Piano Sonata No. 4

Jonathan Powell (piano)

Altarus Records: AIR-CD-9069 (3CDs) (2004)

Web page for Altarus Records

Cd cover image Piano Sonata No. 4

Duration: 137:24

Track listing

  • Track 1-5: Piano Sonata No. 4 (137:24)
  • Track 1: I vivo-arditamente (47:44)
  • Track 2: II Lento-languido e sonnolente Count Tasca’s Garden (35:46)
  • Track 3-5: III Preludio-Scherzo-Cadenza; Fuga I; Fuga II-Coda-Stretta (55:54)

Reviews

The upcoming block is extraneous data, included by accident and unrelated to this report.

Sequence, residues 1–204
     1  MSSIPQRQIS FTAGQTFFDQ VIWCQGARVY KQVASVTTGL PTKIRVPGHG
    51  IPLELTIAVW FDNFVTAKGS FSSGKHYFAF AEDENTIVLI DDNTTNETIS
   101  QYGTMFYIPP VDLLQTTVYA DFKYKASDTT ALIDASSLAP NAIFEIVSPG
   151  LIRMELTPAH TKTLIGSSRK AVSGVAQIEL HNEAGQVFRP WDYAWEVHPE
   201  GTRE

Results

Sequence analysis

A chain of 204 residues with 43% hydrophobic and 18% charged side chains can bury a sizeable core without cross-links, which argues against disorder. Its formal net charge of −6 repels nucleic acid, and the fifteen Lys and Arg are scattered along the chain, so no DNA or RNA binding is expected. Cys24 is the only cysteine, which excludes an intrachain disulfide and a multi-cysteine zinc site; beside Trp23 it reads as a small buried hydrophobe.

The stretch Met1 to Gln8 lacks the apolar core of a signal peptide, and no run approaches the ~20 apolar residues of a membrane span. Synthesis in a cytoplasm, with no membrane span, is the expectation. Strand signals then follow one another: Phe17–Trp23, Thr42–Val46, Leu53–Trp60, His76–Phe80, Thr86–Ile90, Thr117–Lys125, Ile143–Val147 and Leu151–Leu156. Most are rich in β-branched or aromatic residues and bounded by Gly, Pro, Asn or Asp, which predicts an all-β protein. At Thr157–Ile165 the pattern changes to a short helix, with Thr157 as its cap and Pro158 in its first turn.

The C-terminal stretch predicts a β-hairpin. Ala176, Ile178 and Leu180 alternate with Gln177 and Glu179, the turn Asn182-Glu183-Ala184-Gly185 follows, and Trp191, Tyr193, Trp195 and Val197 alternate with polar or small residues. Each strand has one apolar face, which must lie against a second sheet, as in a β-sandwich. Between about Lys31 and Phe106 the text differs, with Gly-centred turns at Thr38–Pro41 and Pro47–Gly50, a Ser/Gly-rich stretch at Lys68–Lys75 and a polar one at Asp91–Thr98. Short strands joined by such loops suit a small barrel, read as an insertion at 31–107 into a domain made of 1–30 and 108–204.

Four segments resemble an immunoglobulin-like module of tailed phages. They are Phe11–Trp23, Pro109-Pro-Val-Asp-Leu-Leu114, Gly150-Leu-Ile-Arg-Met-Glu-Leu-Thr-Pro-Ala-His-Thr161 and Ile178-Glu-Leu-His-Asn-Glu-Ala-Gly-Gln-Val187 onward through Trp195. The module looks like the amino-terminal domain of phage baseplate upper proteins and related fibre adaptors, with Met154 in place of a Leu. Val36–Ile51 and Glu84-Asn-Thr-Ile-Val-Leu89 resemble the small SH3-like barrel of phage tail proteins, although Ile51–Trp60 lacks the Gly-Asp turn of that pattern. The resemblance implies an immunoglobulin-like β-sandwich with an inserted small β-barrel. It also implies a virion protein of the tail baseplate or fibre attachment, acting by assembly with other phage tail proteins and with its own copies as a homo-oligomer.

• “Even by the standards of the increasingly remarkable portrait of this unique composer that has been emerging in recent years, the Fourth Sonata is without question one of the most major works to have made it to performance and recording thus far. Predating Opus Clavicembalisticum by a year, this work follows on from the First Toccata in revealing fully, for the first time, the principal features of the composer’s mature style; the use of vastly extended Baroque forms, the free experimentation in building large-scale structures through the interplay of themes and thematic fragments, and the opulent and extravagantly ornamented ‘tropical nocturne’, a genre to which he returned repeatedly throughout his career. In the case of the 4th Sonata, this last gives rise to one of the most beautiful movements to have come to light in Sorabji’s output; the 36-minute “Count Tasca’s Garden”, which, like “Gulistan” from a decade later, epitomizes the composer’s use of luxuriant texture and ambiguous, shifting yet indescribably rich harmony, at its most extreme at this middle phase in his life. The last movement is also an intriguing structure, starting with a quicksilver toccata over a pedal, and then breaking out into a bizarre and diabolical scherzo, whose lightning changes of mood display Sorabji’s instrumental imagination to the fullest. There follows a very thoroughly worked double fugue, culminating in an apocalyptic coda in which juxtaposed harmonies built up layer upon layer like some vertiginous surrealistic mountain landscape push the resources of the piano beyond most composers’ limits with full orchestral forces at their disposal; a stunning culmination to a mighty work.” (Records International)